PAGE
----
June 2016 H OUSING N EWS R EPORT
2008. He tried to determine which of the three or four lenders held the note, realizing that not only did he not know the answer, neither did any of the companies that were seeking payment. After meeting at a foreclosure fraud seminar, they teamed up together to become two of the nation’s most influential civilian foreclosure experts, exposing injustice
from investor to investor. When the bank took Szymoniak to court, it first said it had lost her document, including the critical assignment of mortgage, which transfers ownership. Curious, she went online and researched 10,000 mortgages. One of the strangest signatures on Szymoniak’s newly discovered mortgage documents
in the beleaguered foreclosure industry. Over the years, Redman, Epstein and Szymoniak have made their presence known in Florida and nationally through their respective foreclosure fraud websites, 4closureFraud.org and ForeclosureHamlet.org and Fraud Digest (now, The Housing Justice Foundation), respectively The trio pooled their resources to fight the foreclosure fraudsters — the banks, loan servicers and lawyers they hired. Separately, Epstein, Redman, and
belonged Linda Green. But on thousands of other mortgages, the style of Linda Green’s signature changed a lot. Evenmore remarkable, Szymoniak discovered Linda Green was vice president of 20 banks — all at the same time.
Caught in a jam of their own making, some lenders resorted to willful forgeries and phony paperwork, writes Dayen. He alleges that judges, prosecutors and even the U.S. Justice Department have all caved to the powerful financial services industry and the deep rot that permeates the property records system. Szymoniak started a multiyear whistle-blower battle on behalf of the federal government that ultimately made her millions. By 2011, Szymoniak had appeared on 60 Minutes , exposing the Linda Green robo-signing fraud. A year later, federal officials and the attorneys general from 49 states announced a record $25 billion settlement with five major banks. Szymoniak and five other whistle- blowers split rewards totaling $46.5 million; Szymoniak’s take came to $5.5 million. Dayen is a contributing writer to Salon and a weekly columnist for the Fiscal Times . The book won the Ida and Studs Terkel Prize, a literary prize named after Pulitzer Prize-winning Chicago writer Studs Terkel. He also writes for publications including the New Republic , the American Prospect and The Guardian . Ultimately, “Chain of Title” finds the bank’s behavior not only indefensible but criminal. The “rot in our democracy” exposed in this book will not only surprise you, but make you angry — very angry.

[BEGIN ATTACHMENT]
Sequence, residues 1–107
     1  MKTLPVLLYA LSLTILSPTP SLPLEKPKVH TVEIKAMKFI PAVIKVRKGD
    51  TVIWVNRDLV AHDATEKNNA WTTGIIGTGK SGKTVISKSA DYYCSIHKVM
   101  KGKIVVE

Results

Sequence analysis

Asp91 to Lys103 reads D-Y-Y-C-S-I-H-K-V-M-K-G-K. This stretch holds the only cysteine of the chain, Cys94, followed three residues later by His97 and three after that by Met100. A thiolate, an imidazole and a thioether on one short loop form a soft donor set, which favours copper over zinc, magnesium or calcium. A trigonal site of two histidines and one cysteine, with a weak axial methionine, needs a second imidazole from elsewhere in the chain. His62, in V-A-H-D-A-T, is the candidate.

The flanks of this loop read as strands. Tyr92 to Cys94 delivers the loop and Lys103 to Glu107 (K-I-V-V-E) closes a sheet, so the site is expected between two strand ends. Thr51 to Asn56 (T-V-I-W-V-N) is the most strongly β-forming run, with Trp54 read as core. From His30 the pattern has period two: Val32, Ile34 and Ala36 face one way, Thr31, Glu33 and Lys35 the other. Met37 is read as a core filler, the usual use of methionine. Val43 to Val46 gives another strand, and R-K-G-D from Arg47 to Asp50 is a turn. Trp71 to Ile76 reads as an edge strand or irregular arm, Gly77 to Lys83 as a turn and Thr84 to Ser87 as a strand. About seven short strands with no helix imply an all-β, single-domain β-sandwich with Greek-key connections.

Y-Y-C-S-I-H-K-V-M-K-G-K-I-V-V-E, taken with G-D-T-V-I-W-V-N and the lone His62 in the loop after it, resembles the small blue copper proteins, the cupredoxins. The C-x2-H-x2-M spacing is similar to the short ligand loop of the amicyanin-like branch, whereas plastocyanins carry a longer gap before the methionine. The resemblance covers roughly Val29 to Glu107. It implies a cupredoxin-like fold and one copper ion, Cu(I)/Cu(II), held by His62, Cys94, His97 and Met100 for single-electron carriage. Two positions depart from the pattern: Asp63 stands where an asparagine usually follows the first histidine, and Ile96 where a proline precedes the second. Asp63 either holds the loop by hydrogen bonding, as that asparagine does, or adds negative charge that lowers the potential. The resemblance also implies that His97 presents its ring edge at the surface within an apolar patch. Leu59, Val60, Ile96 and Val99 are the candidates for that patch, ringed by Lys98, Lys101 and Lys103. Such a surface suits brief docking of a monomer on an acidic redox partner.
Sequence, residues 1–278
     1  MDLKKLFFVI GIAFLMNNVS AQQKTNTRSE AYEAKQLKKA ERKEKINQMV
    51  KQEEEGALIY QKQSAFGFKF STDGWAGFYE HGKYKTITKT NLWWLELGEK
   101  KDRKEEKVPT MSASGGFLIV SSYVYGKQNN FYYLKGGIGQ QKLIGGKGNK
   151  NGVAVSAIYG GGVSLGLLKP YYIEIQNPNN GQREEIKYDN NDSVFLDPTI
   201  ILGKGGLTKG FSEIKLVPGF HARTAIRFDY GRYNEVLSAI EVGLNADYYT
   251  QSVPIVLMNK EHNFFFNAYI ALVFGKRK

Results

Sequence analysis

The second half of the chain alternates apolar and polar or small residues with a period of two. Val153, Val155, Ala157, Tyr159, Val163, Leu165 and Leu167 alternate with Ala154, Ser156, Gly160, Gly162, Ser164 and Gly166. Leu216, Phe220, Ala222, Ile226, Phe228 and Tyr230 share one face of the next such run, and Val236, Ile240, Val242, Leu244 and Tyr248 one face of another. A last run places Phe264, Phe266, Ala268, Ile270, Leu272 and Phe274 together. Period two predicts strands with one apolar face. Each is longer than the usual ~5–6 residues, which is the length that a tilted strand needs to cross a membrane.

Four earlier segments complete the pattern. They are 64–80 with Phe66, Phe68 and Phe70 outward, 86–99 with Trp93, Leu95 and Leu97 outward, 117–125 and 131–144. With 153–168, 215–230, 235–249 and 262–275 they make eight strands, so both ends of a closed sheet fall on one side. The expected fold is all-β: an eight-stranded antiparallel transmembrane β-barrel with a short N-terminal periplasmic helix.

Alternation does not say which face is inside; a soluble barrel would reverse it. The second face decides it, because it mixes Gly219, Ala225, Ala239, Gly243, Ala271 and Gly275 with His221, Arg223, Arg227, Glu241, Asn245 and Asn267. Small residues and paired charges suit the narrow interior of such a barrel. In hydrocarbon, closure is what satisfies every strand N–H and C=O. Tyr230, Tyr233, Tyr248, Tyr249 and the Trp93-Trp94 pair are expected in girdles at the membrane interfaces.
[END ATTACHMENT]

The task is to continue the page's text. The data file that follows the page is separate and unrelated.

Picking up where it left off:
Szymoniak allege how they — and millions of home buyers with a mortgage — had been illegally evicted from their homes as a result of dishonesty, greed and deception at the hands of mortgage lenders, investment bankers and unscrupulous lawyers. In 2008, Szymoniak was served with foreclosure papers on her Palm Beach home. She looked at the foreclosure paperwork and spotted something amiss. When she looked at the assignment of mortgage, the dates the banks put in was 10/17/2008, several months after they suited Szymoniak for foreclosure. They sued her in July 2008, but the documents said they acquired the mortgage in October of 2008. Ultimately, what they uncover is that it is difficult to figure outwho legallyholds the foreclosed loans andmortgages. As Dayen explains in “Chain of Title,” in the age of securitization, lenders passed mortgages and loans to another bank, and that bank would pass them on to another, and so on. Some banks lost the documents. Often, the legal documents behind the mortgage weren’t there. Szymoniak’smortgage had been bundledwith thousands of others into one of those Wall Street securities traded What she uncovered was a real bombshell.
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